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How does wine affect the aging brain?

Douglas De Jesus
Posted: July 30, 2015

Q: I'm an older gentleman who stills works a job requiring mental acuity and memory. I eat healthy and drink wine moderately. Does wine have an adverse effect on memory and motor skills as you get older?

A: As the Baby Boomer generation ages, researchers are increasingly interested in the intersection of diet and brain health. Many dietary choices involve a complex evaluation of risk versus benefit—and that’s especially important when it comes to alcohol.

We all know what too much alcohol does to our motor skills and memory, no matter our age, and abuse in middle age can lead to increased risk for dementia and long-term memory impairment later in life. But when it comes to light to moderate consumption, numerous studies—albeit many on lab rats—have shown that drinking may improve memory (one looked at Champagne in particular!), is linked to better brain health in older women and, with its high level of antioxidants, might even help with certain neurological illnesses.

More recently, a study published in the May 2015 journal Alcohol investigated an important question: Does a moderate amount of alcohol impair brain function in older adults? University of Florida researchers focused on the effects of low- and moderate-dose alcohol on psychomotor skills, set-shifting and working memory performance in men and women ages 55 to 70.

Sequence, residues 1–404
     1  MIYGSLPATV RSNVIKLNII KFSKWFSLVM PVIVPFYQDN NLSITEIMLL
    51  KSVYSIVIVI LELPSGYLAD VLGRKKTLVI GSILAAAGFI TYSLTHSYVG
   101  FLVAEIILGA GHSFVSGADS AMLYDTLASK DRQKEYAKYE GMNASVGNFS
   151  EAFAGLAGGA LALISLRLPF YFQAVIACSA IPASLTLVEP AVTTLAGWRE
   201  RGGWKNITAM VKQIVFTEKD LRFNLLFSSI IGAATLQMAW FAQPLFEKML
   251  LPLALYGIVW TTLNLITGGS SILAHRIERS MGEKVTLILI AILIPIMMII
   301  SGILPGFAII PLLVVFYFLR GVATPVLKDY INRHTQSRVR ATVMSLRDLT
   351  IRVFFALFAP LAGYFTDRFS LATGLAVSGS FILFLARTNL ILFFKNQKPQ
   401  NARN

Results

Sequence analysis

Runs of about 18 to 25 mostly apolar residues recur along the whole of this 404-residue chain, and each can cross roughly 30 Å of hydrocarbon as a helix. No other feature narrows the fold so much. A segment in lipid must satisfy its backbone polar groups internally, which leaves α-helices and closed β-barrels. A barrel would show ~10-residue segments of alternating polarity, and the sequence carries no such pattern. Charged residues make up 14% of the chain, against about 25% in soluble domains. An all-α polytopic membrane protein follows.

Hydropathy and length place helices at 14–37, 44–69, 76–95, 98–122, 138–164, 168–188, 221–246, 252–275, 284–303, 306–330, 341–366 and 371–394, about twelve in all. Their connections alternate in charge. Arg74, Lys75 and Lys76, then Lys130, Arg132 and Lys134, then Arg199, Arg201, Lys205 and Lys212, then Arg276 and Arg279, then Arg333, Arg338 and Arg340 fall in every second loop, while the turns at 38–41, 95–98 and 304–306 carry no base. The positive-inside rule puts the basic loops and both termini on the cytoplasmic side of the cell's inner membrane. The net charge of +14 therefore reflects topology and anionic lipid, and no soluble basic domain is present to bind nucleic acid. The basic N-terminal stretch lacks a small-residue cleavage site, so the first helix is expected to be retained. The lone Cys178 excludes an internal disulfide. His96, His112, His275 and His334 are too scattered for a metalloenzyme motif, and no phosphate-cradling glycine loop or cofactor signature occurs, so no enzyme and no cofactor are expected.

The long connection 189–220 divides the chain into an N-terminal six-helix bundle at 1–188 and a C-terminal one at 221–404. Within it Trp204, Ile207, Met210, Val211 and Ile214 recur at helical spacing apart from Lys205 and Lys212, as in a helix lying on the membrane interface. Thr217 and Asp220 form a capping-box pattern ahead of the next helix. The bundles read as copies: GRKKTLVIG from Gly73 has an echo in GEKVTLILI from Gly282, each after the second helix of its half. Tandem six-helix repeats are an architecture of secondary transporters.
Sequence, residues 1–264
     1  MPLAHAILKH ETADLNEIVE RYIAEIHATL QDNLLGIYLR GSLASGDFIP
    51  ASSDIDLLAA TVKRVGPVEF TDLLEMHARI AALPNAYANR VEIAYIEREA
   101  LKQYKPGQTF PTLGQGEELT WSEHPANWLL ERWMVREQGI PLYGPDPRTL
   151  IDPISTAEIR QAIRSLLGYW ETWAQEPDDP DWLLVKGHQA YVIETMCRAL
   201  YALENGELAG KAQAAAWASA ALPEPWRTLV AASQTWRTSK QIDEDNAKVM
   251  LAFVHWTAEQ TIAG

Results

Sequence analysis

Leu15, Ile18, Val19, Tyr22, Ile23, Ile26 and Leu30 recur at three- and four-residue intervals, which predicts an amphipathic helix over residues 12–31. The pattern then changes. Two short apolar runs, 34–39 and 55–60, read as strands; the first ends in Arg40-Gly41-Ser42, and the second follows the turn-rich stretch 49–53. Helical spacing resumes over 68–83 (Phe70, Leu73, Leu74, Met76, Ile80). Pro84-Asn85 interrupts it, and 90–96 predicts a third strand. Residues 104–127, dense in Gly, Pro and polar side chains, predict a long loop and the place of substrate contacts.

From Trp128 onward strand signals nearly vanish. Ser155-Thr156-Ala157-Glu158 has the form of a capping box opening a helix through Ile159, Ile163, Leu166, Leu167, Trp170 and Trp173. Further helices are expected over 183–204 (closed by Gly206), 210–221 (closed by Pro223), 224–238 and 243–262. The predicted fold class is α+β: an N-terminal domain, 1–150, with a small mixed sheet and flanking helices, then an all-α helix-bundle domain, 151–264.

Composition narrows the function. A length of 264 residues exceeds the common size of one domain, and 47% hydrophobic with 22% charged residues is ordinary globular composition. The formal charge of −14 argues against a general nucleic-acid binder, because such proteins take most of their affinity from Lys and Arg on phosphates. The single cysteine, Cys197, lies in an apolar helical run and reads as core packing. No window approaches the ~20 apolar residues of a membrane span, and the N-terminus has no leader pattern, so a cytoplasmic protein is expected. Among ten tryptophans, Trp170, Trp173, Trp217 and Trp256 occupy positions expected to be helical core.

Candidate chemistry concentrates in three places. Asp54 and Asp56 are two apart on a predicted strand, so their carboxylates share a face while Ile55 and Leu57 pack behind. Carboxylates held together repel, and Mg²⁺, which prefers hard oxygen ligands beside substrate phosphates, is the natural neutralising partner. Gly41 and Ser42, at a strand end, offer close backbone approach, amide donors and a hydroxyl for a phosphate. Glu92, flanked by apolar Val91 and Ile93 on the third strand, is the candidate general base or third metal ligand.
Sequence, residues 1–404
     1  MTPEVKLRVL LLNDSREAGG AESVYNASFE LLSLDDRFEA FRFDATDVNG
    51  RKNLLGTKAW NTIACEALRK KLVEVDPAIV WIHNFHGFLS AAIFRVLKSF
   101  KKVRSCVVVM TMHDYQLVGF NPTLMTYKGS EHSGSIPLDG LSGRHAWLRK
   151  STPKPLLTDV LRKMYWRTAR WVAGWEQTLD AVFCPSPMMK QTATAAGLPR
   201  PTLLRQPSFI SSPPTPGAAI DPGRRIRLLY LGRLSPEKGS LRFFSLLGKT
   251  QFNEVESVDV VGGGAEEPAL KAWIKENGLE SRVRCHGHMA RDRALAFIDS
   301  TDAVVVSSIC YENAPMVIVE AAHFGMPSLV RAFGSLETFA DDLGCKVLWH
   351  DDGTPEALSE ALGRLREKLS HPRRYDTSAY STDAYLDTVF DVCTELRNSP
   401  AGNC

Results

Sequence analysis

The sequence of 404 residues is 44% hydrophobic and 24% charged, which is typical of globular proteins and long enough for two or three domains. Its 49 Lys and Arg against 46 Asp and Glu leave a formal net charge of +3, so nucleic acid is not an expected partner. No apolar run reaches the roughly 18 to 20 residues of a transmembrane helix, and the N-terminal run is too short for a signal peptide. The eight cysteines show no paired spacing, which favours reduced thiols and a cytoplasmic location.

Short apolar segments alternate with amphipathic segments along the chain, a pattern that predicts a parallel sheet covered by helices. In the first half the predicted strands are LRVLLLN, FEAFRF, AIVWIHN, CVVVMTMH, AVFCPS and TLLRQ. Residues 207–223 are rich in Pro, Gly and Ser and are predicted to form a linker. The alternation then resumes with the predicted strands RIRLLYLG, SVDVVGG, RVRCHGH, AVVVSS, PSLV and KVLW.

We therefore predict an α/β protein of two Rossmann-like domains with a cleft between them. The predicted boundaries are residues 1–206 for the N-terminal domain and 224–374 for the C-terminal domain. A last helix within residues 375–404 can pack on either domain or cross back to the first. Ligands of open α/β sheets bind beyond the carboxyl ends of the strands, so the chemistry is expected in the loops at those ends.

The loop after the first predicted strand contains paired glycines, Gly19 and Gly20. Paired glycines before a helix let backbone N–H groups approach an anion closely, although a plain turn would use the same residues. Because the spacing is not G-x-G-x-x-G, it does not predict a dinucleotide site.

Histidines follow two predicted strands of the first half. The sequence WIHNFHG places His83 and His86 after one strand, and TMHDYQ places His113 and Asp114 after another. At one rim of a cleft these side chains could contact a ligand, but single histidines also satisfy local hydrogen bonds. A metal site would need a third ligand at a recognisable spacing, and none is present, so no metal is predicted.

The 62 participants—healthy, light to moderate drinkers (up to 1 to 2 drinks per day)—were sorted into blind groups: no alcohol (given a placebo drink), low alcohol and moderate alcohol. On tasks set out by the researchers, the moderate and no-alcohol groups performed at the same cognitive rates. However, the low-dose alcohol group outperformed both of those groups. "Relative to the placebo group, the low-dose group exhibited better working memory, specifically for faces," the researchers stated, concluding that, at least for their study's tasks, low and moderate doses of alcohol do not significantly hinder older adults' cognitive performance.

Of course, this is a relatively small study, and more research is needed on the effects of alcohol on the aging brain. But you shouldn't have to worry about your job performance due to the occasional glass of wine!

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